This week I was invited as an expert to host a seminar TAM: EU Expert seminar at Yedju Technical Institute in Tashkent, Uzbekistan 18-19 November 2019. The seminar was organized by the European University Association (EUA) who is managing for the European Commission in partnership with the University of Barcelona (UB): Centralised Support for Higher Education Reform Experts (HERE) in European Neighbourhood countries technical assistance missions’ (TAM). In addition, the seminar was hosted in collaboration with MHSSE, NEO, and Yedju Technical Institute in Tashkent, Uzbekistan.
The seminar gathered some 70 -80 delegates from universities and similar organizations from the country as well as the State Inspection for Supervision of Quality in Education (TBC).
The mission of the seminar was on:
Improving the quality of teaching in educational institutions through the introduction of new educational programs, modern pedagogy and smart-technologies in the educational process (introduction of electronic modules and introduction of distance learning), the acquisition of digital skills and learning methods, the development of open educational resources.
The seminar had its foundation in the UN UNESCO SDG Goals, not at least SDG4, SDG8 and SDG!6. Social Justice was a theme throughout the seminar Practical measures are taken by the Government of Uzbekistan to implement the 2030 Agenda for Sustainable Development. Furthermore, the foundation for the seminar was on the 4th industrial revolution. The 4th Industrial Revolution has an impact on how we live, work, communicate, integrate and interact with others, the environment and society. Of course, it also changes the way we learn. More important, besides the increased digitalization is that we need both science and humanities for a Fourth Industrial Revolution. There are needs for SOCIAL, EMOTIONAL AND ETHICAL revolutions as well. In addition, to the SDGs UNESCO's new initiative on Learning to become was highlighted and argued on. In addition, there was a focus on the forthcoming UNESCO OER recommendations.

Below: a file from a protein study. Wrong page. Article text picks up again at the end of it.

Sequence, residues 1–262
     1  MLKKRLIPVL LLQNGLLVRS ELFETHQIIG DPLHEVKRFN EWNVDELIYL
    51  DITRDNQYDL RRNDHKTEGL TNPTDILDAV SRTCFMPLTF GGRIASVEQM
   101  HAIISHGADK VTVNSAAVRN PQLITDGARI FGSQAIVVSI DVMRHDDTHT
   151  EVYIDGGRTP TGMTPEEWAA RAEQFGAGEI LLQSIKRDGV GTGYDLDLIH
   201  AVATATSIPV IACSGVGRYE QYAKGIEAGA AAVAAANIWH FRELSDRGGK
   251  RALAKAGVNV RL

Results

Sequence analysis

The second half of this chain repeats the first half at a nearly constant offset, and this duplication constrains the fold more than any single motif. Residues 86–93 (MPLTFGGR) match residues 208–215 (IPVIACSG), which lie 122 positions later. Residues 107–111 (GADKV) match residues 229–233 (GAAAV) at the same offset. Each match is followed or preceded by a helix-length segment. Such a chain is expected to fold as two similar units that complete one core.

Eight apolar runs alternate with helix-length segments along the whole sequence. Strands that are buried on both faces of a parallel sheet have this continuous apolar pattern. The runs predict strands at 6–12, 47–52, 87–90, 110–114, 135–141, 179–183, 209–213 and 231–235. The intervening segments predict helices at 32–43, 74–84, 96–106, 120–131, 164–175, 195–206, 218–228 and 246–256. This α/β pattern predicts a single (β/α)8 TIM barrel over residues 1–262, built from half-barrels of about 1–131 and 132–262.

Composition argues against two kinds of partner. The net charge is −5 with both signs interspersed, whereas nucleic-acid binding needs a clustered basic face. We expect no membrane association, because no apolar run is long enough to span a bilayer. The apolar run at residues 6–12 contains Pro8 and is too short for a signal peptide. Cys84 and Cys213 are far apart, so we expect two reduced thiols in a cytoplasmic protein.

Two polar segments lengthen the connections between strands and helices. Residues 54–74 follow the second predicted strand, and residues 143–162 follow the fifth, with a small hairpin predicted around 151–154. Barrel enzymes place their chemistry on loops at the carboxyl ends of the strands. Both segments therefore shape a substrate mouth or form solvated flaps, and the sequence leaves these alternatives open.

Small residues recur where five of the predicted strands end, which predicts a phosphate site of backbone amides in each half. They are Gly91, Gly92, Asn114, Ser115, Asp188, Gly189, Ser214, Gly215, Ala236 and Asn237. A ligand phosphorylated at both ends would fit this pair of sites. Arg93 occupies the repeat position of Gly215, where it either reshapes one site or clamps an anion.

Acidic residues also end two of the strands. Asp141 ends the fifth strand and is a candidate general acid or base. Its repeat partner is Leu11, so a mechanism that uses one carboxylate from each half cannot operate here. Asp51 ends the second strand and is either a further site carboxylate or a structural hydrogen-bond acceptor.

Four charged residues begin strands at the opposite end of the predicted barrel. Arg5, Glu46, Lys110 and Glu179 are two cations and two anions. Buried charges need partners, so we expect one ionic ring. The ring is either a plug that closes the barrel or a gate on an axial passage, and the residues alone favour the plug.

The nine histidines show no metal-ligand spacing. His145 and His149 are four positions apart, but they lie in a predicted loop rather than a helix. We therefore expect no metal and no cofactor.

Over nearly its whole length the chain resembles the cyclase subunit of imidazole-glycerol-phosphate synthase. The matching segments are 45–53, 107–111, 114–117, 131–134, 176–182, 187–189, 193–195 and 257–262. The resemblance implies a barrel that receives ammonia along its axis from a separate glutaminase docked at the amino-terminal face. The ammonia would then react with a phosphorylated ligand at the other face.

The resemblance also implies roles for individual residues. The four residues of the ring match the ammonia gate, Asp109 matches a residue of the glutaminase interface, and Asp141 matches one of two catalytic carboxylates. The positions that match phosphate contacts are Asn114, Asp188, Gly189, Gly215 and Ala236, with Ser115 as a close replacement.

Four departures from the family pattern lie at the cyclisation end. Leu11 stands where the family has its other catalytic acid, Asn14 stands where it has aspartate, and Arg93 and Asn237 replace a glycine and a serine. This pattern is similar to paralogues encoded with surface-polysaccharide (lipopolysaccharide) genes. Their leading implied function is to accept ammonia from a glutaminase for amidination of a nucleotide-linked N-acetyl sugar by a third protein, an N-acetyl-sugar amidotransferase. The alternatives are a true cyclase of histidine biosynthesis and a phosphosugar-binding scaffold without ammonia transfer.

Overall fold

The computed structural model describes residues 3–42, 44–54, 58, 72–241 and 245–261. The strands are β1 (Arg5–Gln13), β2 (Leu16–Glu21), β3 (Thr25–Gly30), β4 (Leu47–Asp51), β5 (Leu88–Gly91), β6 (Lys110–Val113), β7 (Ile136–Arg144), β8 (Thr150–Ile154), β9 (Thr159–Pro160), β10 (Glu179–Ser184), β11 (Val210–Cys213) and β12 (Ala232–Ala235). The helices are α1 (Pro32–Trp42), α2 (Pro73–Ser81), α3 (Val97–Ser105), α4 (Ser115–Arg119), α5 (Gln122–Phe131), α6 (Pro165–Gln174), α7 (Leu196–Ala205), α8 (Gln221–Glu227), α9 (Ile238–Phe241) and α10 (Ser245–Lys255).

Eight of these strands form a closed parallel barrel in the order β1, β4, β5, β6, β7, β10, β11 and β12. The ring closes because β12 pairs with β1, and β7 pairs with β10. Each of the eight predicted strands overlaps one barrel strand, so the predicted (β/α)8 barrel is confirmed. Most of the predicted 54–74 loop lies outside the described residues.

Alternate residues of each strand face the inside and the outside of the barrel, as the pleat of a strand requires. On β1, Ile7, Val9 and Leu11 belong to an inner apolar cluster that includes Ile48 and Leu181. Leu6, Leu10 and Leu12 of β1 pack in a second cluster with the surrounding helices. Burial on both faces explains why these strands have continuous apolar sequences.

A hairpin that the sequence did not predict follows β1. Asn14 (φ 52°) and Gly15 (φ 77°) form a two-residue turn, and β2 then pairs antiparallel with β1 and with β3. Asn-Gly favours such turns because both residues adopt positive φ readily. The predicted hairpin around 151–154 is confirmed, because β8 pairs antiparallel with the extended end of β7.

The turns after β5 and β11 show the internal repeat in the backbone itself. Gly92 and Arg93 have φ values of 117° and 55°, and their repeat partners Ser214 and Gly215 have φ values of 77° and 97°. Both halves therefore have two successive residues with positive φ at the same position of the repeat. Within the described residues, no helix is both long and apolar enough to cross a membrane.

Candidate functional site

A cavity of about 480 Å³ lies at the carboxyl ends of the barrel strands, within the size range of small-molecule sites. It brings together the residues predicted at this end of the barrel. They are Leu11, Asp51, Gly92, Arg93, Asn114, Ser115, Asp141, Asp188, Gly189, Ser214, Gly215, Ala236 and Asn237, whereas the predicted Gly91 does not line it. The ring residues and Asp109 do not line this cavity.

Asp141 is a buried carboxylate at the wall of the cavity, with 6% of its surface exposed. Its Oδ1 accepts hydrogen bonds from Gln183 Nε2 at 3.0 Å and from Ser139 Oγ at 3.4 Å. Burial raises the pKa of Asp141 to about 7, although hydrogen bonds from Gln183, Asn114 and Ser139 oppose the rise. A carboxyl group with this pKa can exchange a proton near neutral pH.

The themes, for my presentations during the 2 days were on
You can find my presentations at:
The Uzbek higher education system consists of institutions, scientific and pedagogical establishments performing research work, and state body formations. According to the National Programme for Personnel Training, higher education builds on academic achievements of specialized secondary education (academic lyceum) and/or vocational education (vocational college) and includes two levels: Bachelor degree and Master degree.
The Ministry of Higher and Secondary Specialised Education’s (MHSSE) responsibility is to organize the academic year, including the length of the semesters, examination periods and academic holidays.
According to “Comprehensive Development Programme of the Higher Education System for 2017-2021” adopted in 2017 the implementation of Higher Education reform process for the whole year 2018 has been intensified by a number of significant decisions and considerable developments: on quality improvement of graduate training, qualification upgrading of academic staff of higher educational institutions, wide-scale development of international relations; opening new HEIs, establishing of joint degree programmes and joint faculties, introduction of new education directions and specialties, extramural and evening departments, university autonomy on student quotas and educational programmes according to labour market needs, recognition of diploma obtained abroad etc. The total number of HEIs has been increased from 77 in 2016 to 95 in 2018. 16 new joint programs have been introduced in cooperation with prestigious overseas universities. Students' quotas of overall admission to HEIs have been doubled. It is worth to underline that as of the next year (2020) it will be possible to submit an application for admission to several HEIs in one round.